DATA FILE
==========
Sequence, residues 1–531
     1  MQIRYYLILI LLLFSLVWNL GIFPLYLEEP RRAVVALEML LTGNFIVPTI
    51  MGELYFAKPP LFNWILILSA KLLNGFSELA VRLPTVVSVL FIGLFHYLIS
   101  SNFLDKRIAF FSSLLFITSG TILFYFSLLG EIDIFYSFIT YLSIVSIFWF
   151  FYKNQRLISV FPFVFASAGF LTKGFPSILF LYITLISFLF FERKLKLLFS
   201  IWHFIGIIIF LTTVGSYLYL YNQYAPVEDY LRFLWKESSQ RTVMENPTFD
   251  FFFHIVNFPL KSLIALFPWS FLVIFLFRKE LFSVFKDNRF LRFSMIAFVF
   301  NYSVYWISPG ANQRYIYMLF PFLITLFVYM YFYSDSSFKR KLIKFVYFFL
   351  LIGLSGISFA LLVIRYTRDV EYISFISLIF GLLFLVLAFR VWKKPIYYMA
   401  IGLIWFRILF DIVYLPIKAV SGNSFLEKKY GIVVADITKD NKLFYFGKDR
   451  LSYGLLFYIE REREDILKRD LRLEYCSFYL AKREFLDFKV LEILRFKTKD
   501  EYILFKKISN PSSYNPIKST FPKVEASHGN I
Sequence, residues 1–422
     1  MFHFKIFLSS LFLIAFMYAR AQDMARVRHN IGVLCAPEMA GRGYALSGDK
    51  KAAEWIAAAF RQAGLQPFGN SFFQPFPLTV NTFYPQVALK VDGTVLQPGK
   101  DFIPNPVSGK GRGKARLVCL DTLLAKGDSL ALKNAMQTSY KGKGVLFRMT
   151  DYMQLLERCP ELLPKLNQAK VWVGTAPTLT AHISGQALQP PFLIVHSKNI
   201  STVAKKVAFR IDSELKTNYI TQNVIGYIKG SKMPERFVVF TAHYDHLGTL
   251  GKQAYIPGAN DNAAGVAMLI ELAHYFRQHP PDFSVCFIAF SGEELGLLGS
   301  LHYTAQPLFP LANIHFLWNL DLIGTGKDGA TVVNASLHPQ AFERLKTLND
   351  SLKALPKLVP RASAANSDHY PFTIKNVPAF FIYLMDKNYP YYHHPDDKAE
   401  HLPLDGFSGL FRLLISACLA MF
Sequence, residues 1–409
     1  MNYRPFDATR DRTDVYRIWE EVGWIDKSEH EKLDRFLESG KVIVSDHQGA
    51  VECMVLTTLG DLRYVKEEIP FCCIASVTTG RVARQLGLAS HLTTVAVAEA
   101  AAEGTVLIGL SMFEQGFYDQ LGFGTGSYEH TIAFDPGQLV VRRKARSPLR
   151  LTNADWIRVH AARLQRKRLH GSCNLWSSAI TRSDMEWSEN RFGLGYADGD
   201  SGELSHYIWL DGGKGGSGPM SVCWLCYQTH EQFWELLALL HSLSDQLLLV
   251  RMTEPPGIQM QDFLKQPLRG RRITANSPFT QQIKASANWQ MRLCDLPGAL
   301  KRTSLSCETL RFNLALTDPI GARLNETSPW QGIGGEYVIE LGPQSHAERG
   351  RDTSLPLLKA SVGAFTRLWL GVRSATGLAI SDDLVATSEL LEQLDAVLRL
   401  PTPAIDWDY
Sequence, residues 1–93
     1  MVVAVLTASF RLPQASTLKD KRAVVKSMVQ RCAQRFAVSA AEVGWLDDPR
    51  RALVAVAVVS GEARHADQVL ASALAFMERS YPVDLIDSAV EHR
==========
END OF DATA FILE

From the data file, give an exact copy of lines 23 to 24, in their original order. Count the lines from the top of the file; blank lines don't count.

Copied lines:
Sequence, residues 1–409
     1  MNYRPFDATR DRTDVYRIWE EVGWIDKSEH EKLDRFLESG KVIVSDHQGA